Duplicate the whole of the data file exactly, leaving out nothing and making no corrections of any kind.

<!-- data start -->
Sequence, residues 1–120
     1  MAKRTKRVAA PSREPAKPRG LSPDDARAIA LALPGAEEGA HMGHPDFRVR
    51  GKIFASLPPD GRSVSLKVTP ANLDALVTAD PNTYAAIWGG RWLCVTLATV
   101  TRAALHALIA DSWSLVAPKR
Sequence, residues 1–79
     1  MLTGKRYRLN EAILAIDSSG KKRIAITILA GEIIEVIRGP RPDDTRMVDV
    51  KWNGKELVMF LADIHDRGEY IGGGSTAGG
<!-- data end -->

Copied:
Sequence, residues 1–120
     1  MAKRTKRVAA PSREPAKPRG LSPDDARAIA LALPGAEEGA HMGHPDFRVR
    51  GKIFASLPPD GRSVSLKVTP ANLDALVTAD PNTYAAIWGG RWLCVTLATV
   101  TRAALHALIA DSWSLVAPKR
Sequence, residues 1–79
     1  MLTGKRYRLN EAILAIDSSG KKRIAITILA GEIIEVIRGP RPDDTRMVDV
    51  KWNGKELVMF LADIHDRGEY IGGGSTAGG